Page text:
In a lot of ways, this mirrors the days when I used to get sick on gluten, pre-gluten-free (which thankfully feels like a million years ago).  So many times, I would have to revise my expectations, adjust my physical exertion and planned activity, because I'd be "sabotaged" by another round of gluten-induced sickness.  This time, of course, the problem isn't gluten.  It's a virus.  And I'm not letting it keep me down.  Though I've been sick, I've still been well-enough to train, and maintaining that routine and continuing to chart progress keeps my spirits high.  I have big expectations for the week ahead.

- Pete

P.S.  Have you entered to win a copy of Artisanal Gluten-Free Cooking from the National Foundation for Celiac Awareness?  Complete the Athletes for Awareness trivia quiz and submit your entry!  The contest giveaway runs through the end of the week!

Friday, May 21, 2010

Friday Foto: Grilled Atlantic Salmon Steak with Lemon Risotto and Beurre Blanc

Today's Friday Foto is a combination of a craving (for lemon risotto) and an accident (the Atlantic salmon steak).  Last weekend, Kelli and I (and by default, Marin, too) were in the mood for seafood, and sea scallops in particular.  But at our local Whole Foods, where we almost always buy our fresh fish and such, the scallops were way too expensive to stomach ($23 per pound, as I recall).  However, this lovely salmon steak was on sale for $8 or so a pound.  We called an audible, switched gears, and soon enough, our sights were set on grilled salmon.

One thing I love about a fish steak as compared to a fish fillet, is that the meaty, hearty steak holds up really well to grilling directly on the grate.  You can get beautiful grill marks, AND you can flip it over, something I never do on a grill with a fish fillet (always skin-side down!).

We paired the salmon steak with a lemon risotto and some grilled asparagus, and topped it off with a rich beurre blanc sauce that really rounded out the flavors.  Risotto, for the uninitiated, is an Italian rice dish made using arborio rice, stock, and sometimes, cheese.  Beurre blanc, meanwhile, (which translates as "white butter") is a rich, French butter sauce traditionally made with a reduction of white wine and shallots.  We tweaked both to suit our preferences and available ingredients, and this Friday Foto is the result.

To Make the Salmon:

1. Rinse and pat dry the salmon steak.
2. Rub with olive oil on both sides, and season lightly with salt.
3. Place directly onto a preheated grill grate over medium-high heat.
4. For a 1.5-inch thick steak, grill for 10 minutes on the first side without disturbing.
5. Flip, and grill for 5 more minutes on the second side.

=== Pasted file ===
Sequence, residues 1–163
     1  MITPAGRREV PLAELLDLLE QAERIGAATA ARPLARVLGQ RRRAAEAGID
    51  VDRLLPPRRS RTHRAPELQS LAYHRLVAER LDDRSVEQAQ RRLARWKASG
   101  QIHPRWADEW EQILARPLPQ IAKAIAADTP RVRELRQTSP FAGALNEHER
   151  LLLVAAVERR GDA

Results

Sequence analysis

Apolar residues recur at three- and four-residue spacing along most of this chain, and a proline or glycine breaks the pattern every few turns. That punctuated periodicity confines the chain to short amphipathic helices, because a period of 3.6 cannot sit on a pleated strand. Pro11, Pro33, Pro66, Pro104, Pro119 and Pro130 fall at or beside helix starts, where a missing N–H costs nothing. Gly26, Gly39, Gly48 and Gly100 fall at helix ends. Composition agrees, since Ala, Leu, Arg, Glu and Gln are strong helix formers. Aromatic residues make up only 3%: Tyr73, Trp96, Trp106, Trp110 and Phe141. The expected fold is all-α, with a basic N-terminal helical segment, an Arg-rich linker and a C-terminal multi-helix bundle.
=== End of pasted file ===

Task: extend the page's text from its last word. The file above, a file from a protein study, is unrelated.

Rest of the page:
Keep in mind that the steak will likely have bones running down the center line.  When done to perfection, your salmon steak will flake easily with a fork, have moist meat, and smoky crispy edges and skin.  Delicious.

To Make the Lemon Risotto:

6 1/2 cups chicken broth
4 tbsp butter, divided
1 tbsp olive oil
1 small onion, small diced or minced
2 cups Arborio rice
1/2 cup dry white wine
zest of 3 small lemons
2 tbsp lemon juice
salt and pepper

1. Heat the broth in a saucepan.
2. In a separate heavy large saucepan, melt 2 tbsp of butter in the olive oil over medium heat, add the onion, and cook until soft, about 5 minutes.
3. Add the rice, and cook for 2 minutes.
4. Add the wine, bring to a simmer, then add 1 1/2 cups of stock, and cook until the stock is fully absorbed by the rice, stirring frequently.
5. Add an additional 1/2 cup of stock at a time, cooking until absorbed before adding the next 1/2 cup, again stirring frequently.  Repeat until all the liquid is absorbed, about 40-45 minutes.
6. Remove from the heat, add the remaining 2 tbsp of butter, the lemon zest, and lemon juice.  Season to taste with salt and pepper.

In today's Friday Foto, we took our risotto more toward the "mushy" side, but you can also cook the Arborio less, leaving it more al dente and preserving the individual character and texture of the grains of rice.  That's totally up to you.

To Make the Beurre Blanc:

1/4 cup lemon juice
1/4 cup dry white wine
1/2 small onion, minced
8 tbsp (1/2 cup) butter, divided

1. Combine the lemon juice, white wine, and onion in a small saucepan and bring to a simmer over high heat.  Reduce by 2/3 (leaving just 1/3 the total original volume...it should be almost syrupy).
2. Remove from the heat, and whisk in the butter a little bit at a time.  (If necessary, you can return the saucepan to the heat briefly in order to help the butter melt, but be cautious - too much heat will break the sauce).

Finally, to assemble the dish, start with a bed of risotto.  Plate your salmon steak on top.  Drizzle with the beurre blanc.  Enjoy!

- Pete

Wednesday, May 19, 2010

Product Review: Noosa finest yoghurt

Kelli, Marin and I recently went to our beloved Boulder Farmers Market for the first time this season, which now has more than 100 vendors.  It's always great to see familiar faces (in addition to our regular vendors, we even bumped into The Spunky Coconut and her family), but it's also exciting to find new vendors with tasty gluten-free offerings.  Noosa finest yoghurt is one such discovery.  The crowd was 3 or 4 people deep at their stall, and we could hear one of the Noosa guys - in his best salesman voice - proclaim, "Try it, and you'll buy it!"

We couldn't resist, and we muscled our way through the crowd to the front (politely, of course...).  Noosa proved to be quite a tasty yogurt (in a word, it is delicious), and we walked away with 3 or 4 16-ounce containers to take home, all blueberry (which was all they had left, and which, conveniently, is one of my favorite flavors).

Part of what makes Noosa such a tasty yogurt is that is very rich and creamy.  It's almost like having dessert, and the nutritional information backs that up.  Each 4-ounce serving contains 140 calories, 6g of fat, 17g of sugar, and 5g of protein.  By those measures, this is a yogurt that is both decadent and indulgent.  And there's a reason why - you won't find much in the way of low-calorie fat-free milk on the ingredients list, nor will you find artificial sweeteners like Splenda or aspartame.  Noosa is made with authentic, familiar ingredients - milk, sugar, blueberries, cream, honey, and a handful of other ingredients.  In other words, it's made with the kind of ingredients we might use if we made yogurt here at home.  We like that.